But then again, such roles are not limited to the aforementioned but rather transverse into the involvement of many presidents in the war in Vietnam that marked the history. Body The role that President Dwight D. Eisenhower played in the Vietnam War is the strengthening of the Vietnam nation by means of fabricating a form of government that will eventually promote the welfare of the people and those that have been affected by war. Against the revolutions that are significant of modernity, there was the prophetic stream of Marxism in the Vietnam War. With increasing steps towards rationalism, much went against it because rationalism was very hard to hold. With increasing fury people turned increasingly against such rationalism. This will be explained in the essay as rebellion will be explained in terms of a greater pull against rationalism so far as it interfered with progressions towards legitimacy. As Marx writes in The Gundrisse: `In this society of free competition, the individual appears detached from the natural bonds etc, in which earlier historical periods make him the accessory of a definite and limited human conglomerate` (Marx, 1978, p.221). There is in modern strife a religious impulse towards rebellion under such limiting conditions. This religious impulse was carried by romanticist thinkers like Matthew Arnold in that they saw the technocratic apparatuses of a modern rational society destroying something of the spectacular miracle of religion.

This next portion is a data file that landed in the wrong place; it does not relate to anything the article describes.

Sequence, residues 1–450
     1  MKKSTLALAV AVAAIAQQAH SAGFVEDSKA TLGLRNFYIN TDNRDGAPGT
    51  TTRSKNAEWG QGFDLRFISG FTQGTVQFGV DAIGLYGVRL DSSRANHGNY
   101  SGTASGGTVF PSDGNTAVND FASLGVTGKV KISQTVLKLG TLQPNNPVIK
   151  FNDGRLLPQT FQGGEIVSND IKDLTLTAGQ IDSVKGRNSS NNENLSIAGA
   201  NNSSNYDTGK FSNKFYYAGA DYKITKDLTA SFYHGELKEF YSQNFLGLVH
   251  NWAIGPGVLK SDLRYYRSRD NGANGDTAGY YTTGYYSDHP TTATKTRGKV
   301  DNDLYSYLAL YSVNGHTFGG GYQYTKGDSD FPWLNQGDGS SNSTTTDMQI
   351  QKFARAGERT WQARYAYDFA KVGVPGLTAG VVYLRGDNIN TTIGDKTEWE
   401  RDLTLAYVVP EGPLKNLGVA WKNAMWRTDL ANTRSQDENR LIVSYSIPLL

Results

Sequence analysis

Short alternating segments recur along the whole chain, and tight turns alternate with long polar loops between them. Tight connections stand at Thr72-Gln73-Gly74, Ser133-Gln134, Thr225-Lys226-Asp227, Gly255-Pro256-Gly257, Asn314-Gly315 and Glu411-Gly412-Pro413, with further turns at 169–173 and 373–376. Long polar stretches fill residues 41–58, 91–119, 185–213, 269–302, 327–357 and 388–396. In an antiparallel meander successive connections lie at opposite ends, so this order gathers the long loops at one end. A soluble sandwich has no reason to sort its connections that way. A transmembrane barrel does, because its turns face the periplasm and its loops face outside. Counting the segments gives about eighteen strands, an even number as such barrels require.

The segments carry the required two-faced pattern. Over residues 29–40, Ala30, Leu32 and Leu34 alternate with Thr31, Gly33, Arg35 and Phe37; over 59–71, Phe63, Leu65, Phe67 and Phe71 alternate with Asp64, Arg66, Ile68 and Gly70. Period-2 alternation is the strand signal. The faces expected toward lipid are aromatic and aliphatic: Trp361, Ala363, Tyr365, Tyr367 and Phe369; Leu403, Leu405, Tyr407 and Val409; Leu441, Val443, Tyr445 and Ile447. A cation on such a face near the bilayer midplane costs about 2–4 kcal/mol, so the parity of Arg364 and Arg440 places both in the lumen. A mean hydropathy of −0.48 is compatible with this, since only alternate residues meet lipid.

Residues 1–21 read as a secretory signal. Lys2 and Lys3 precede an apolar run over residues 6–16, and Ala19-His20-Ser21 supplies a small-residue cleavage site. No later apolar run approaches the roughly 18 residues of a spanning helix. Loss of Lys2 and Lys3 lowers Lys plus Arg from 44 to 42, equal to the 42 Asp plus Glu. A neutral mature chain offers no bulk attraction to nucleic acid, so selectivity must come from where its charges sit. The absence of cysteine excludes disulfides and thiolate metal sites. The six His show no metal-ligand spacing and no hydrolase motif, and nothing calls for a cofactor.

That the removal of religion was something tragic and in due course something many people could not endure that very well. This was a tendency that suffocated many people because they could not stand it. In the rebellion of the parties to the war, much was costly because prices were impacted and reasoning was skewed as attested by John Kennedy. Yet there were legitimate actions taken by the mighty Israeli state to block all such efforts towards revolutionary agitation and attempts to ward of a modernity of extreme rationality. From its beginnings, the Vietnamese state has been a state caught in the webs of dependency. Caught without an adequate bureaucracy and system of administration, dependency on other nation for war was pre-eminent and in many ways, and it still is. As stated, economic survival therefore depended on transfers from Vietnam of taxes collected from other nations and on aid from donors (Khan, 2004, p.13). The movements of goods and people to the outside world and even within its own territories had to go through multiple controlled checkpoints that could be opened or closed depending on the satisfactory performance of the police in the perspective of delivering security (Khan, 2004, p.13). Though this deliverance of security may have been a deep desire, the manageability of this deliverance was simply unavailable and the taxes for this security simply not enough and never enough. This may be partially due to the unfortunate trend that security is managed by the infliction of terror. When Stalin reached, the ability to manage security he did it in such a wave of crimson and brutality that such security was unfeasible in itself unless horrible combinations were acclimated to the population (Parrish, 1996). What Stalin achieved was the greatest security for such a long time but the terror directed at his own people was so grave that words cannot speak of their error. From secret police to a violence that was so awful and so brutal that guns were alarming to people and knives silenced all too many from strife. On this note, perhaps the Vietnam exertion of rebellion was to prevent the state from conforming exactly to brutal standards of regimentation, regulation, and extreme, rationalization. Johnson and Nixon, on the other hand, trained various members of the military in order to promote a just and humane society. That domestication was certainly needed but that perhaps internal crime was suffocated so extremely that extreme perversions of outward expression appeared. To the harm and greater endangering of the Vietnam state, it was very ironic. It must be understood that the State should promote a just and dynamic social order. This is accomplished through policies that provide adequate social services. Every society must ensure the prosperity and independence of the nation and free the people from poverty. Hence, it means all people not just the aristocratic few. The goal is to reduce the political and economic power of the privileged few by equalizing widely differing standards and opportunities for advancement and to raise the masses of the people from their poverty to a qualitative life worthy of human dignity. With the eradication of mass poverty being experienced of a nation, the State solves at the same time a chain of social problems that comes with it; social unrest, breakdown of family systems, diseases, ignorance, criminality, and low productivity. Policies must only be created to promote social justice in all phases of national development. In the fulfillment of this duty, the State must give preferential attention to the welfare of the less fortunate members of the community—the poor, the underprivileged and those who have less in life for the benefit of the whole nation.